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DICE 2011: Mark Cerny On The Death Of The $50 Million Game

With the console industry contracting, Mark Cerny used a D.I.C.E. Summit talk to address how the industry is going to have to learn how to reduce project budgets from current historic highs.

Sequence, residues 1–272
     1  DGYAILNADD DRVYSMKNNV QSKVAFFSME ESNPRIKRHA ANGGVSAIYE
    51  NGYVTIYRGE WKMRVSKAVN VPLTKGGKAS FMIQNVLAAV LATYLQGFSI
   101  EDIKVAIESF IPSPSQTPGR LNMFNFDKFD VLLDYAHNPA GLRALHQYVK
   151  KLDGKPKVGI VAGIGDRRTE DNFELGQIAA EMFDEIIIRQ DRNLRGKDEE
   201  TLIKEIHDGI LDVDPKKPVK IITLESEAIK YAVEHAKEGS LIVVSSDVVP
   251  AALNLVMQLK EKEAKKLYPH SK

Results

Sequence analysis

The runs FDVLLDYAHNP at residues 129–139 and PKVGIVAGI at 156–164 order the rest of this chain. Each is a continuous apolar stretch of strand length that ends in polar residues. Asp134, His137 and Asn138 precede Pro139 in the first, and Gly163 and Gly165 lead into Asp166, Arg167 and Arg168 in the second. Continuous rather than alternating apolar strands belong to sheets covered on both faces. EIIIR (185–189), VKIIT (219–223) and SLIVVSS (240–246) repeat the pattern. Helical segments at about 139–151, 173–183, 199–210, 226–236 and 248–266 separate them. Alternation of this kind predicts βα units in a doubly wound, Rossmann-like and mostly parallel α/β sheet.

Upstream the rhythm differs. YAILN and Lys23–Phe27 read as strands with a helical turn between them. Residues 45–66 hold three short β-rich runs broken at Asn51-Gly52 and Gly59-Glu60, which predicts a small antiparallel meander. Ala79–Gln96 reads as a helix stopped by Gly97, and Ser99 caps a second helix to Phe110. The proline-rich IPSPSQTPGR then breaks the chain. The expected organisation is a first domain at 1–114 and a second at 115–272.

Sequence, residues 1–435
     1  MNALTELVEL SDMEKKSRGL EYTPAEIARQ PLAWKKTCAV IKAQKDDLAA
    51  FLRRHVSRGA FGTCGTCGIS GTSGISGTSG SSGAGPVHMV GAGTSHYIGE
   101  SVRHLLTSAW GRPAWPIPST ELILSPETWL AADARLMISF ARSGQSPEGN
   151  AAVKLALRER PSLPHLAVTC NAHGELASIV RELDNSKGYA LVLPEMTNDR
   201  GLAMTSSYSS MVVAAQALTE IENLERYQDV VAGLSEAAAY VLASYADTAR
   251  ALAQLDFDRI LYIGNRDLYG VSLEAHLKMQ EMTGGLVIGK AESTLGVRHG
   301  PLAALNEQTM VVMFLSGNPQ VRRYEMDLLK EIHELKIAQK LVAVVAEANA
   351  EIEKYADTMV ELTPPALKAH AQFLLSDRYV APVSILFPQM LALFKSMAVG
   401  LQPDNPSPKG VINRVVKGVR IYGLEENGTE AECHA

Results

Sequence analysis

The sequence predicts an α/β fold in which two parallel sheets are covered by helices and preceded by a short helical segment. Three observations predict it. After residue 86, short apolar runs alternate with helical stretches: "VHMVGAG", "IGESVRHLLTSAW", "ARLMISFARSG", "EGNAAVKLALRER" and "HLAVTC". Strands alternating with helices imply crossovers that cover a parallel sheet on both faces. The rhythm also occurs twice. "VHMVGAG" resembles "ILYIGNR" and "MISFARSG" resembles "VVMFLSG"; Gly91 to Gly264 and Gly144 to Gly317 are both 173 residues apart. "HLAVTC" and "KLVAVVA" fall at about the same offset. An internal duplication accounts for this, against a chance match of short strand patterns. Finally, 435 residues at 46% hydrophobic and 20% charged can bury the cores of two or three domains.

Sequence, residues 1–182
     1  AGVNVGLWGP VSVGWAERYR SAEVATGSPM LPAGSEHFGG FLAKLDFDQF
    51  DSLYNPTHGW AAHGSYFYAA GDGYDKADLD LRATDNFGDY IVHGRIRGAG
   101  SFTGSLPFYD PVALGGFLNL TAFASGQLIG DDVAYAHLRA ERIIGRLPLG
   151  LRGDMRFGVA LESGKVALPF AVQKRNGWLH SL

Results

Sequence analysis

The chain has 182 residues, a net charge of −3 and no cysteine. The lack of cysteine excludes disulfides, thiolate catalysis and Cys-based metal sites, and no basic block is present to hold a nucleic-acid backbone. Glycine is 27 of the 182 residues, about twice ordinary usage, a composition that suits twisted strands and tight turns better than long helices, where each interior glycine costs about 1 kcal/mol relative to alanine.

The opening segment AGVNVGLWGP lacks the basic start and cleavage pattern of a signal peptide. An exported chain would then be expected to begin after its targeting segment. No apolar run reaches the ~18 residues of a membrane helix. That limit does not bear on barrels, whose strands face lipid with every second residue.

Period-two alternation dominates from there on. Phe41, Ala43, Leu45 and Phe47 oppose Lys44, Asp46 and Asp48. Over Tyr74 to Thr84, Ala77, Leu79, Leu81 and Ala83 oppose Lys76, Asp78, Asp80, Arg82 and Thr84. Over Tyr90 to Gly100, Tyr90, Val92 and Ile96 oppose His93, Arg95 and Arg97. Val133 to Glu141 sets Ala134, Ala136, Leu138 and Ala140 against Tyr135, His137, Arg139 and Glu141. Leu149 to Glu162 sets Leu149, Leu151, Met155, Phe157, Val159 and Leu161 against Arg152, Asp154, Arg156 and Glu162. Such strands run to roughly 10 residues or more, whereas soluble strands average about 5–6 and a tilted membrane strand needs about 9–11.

In his nearly 30 year career in video games, industry veteran Mark Cerny (Marble Madness) says the only constant has been change, and recent downward changes in the size of the console market have the veteran designer pondering some pretty serious questions. “As a guy who’s been through some pretty tough times in games, I have to start wondering -- is this the end?” the Sega and Sony-affiliated veteran asked at a D.I.C.E. Summit speech in Las Vegas today. The answer, Cerny says, is probably no. Unlike the arcade and console industries that crashed spectacularly in the early ‘80s, today’s console market is not plagued by a dearth of genres, which Cerny considers the “canary in the coal mine” of industry health. What may actually be in trouble, Cerny argues, is games with budgets approaching and surpassing $50 million. The existence of such games is a relatively recent development in the history of the industry, he points out, with average game budgets only reaching $2 million around 1995 and $10 million around 2000. The fast growth in budgets and team sizes since then made sense in the context of an industry that had been growing for ten years straight. But now that the console market is contracting, Cerny argues that bloated teams with separate designers for each tiny element of a project just aren’t going to thrive. This doesn’t mean an end to big-budget games, Cerny says -- games with budgets of $20 million or so can still do quite well. And the industry has a rare chance to get back to those 2004-era project sizes by taking advantage of increased efficiency, he argues. “We are in a very rare time now,” he said. “Technology is not changing, it’s a quiet time, and they don’t happen very often.” That means that developers now have a chance to really focus on learning their craft, rather than learning how to develop for yet another difficult-to-master new system. Adjusting to a changing market situation also means developers have to unlearn some ideas that have been hardwired into them over the years, he said. This won’t be an easy process -- Cerny pointed out it’s taken 30 years for the arcade-inspired ethos of punishing difficulty, constant death and short play sessions to finally fall out of favor. Extending that lesson to today, Cerny says it’s going to take at least ten years for the industry to unlearn old rules about monetization and multiplayer gaming that are being upset by new gameplay forms. He highlighted games like Demon’s Souls, which integrates social play and information sharing into a traditional RPG form, to show this unlearning is possible, though. “I’m looking forward to unlearning the lessons of today’s games and learning the lessons of socialization,” he said.”

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